Natalia Goncharova came into contact with Spanish folk traditions in 1916, the year that Alfonso XIII invited Diaghilev’s Ballets Russes to perform in the country. The famous company was glad to receive the royal invitation, since it meant they could escape from the inherent dangers of the First World War, as Spain remained neutral throughout the conflict. Diaghilev decided to bring Goncharova on the Spanish visit, as she had already worked with him in 1914 on Le coq d’or (The Golden Cockerel), the piece that would make the Russian’s name in stage design. So it was that in 1916 Goncharova designed costumes and stage sets for two ballets inspired by Hispanic motifs: Rapsodia española (Spanish Rhapsody), with music by Maurice Ravel, and Triana, with music by Isaac Albéniz and choreography by Léonide Massine. Neither was staged in the end, but they did result in a series of Spanish dancer figurines, including this one from the Museo Reina Sofía collection.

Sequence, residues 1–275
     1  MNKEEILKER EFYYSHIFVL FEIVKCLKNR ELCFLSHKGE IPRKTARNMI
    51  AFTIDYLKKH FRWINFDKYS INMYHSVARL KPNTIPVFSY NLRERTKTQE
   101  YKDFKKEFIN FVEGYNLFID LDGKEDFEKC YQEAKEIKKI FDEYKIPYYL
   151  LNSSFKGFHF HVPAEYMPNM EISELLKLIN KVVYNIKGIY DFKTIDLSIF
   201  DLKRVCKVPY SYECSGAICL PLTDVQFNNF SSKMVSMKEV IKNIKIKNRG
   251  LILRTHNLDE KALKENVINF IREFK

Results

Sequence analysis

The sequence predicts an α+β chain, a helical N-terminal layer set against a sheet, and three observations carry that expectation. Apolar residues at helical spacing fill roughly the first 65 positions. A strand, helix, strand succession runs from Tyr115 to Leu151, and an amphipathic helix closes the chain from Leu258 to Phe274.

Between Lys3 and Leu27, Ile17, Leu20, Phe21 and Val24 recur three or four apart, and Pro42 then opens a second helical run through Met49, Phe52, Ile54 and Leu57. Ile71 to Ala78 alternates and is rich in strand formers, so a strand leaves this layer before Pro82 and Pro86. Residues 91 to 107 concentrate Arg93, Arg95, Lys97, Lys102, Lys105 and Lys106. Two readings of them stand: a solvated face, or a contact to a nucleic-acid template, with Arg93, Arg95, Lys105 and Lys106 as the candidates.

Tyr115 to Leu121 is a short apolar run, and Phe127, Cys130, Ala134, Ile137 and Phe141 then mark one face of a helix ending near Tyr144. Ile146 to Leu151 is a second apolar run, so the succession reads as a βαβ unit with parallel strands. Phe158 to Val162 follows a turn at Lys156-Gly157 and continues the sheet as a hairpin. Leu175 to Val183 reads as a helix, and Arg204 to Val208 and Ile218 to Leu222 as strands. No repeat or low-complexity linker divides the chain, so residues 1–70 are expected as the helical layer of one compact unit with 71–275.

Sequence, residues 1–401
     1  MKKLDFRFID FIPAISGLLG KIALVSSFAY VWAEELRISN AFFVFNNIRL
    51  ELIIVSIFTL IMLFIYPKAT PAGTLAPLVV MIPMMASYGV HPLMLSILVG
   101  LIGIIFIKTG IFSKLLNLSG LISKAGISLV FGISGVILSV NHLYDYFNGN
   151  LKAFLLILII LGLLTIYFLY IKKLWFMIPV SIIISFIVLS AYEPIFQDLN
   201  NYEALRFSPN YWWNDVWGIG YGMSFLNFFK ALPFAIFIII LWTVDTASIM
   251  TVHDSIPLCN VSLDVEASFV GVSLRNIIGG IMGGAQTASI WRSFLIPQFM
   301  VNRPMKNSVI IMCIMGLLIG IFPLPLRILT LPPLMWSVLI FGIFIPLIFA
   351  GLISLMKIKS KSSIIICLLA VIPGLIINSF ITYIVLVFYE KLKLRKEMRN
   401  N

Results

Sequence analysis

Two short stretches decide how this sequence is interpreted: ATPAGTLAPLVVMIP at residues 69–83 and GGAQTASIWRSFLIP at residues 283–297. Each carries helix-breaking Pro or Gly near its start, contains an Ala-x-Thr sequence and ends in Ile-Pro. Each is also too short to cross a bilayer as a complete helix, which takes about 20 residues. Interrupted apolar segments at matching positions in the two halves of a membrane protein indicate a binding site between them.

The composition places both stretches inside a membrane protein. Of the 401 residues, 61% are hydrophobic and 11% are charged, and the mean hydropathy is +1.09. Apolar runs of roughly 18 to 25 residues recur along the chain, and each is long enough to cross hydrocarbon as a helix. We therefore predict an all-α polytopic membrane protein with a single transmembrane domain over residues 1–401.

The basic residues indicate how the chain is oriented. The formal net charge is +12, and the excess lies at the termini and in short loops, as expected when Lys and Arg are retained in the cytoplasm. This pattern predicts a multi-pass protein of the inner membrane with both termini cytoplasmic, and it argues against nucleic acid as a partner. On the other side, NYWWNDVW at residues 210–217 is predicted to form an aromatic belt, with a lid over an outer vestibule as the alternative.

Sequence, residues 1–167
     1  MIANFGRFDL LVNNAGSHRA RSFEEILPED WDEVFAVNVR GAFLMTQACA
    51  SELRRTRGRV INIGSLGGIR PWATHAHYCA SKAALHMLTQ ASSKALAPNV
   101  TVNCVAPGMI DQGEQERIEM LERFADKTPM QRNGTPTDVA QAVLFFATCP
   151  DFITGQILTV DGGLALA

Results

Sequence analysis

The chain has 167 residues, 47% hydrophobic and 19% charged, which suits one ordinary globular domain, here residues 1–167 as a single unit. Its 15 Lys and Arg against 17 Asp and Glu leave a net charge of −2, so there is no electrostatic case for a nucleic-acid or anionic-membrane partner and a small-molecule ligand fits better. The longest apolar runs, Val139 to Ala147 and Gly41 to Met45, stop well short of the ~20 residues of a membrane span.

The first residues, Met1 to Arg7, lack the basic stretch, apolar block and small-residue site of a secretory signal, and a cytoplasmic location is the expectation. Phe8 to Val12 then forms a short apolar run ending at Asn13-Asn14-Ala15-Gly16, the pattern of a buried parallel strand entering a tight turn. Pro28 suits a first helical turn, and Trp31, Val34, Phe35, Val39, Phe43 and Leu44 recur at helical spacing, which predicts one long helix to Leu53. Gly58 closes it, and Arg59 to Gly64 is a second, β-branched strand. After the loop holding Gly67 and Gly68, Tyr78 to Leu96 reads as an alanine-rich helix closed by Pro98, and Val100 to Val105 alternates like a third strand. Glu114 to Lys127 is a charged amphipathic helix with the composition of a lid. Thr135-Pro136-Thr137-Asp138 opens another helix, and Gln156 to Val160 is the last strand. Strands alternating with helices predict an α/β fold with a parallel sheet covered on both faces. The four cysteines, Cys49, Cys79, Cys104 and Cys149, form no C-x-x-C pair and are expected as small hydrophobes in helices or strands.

Paloma Esteban Leal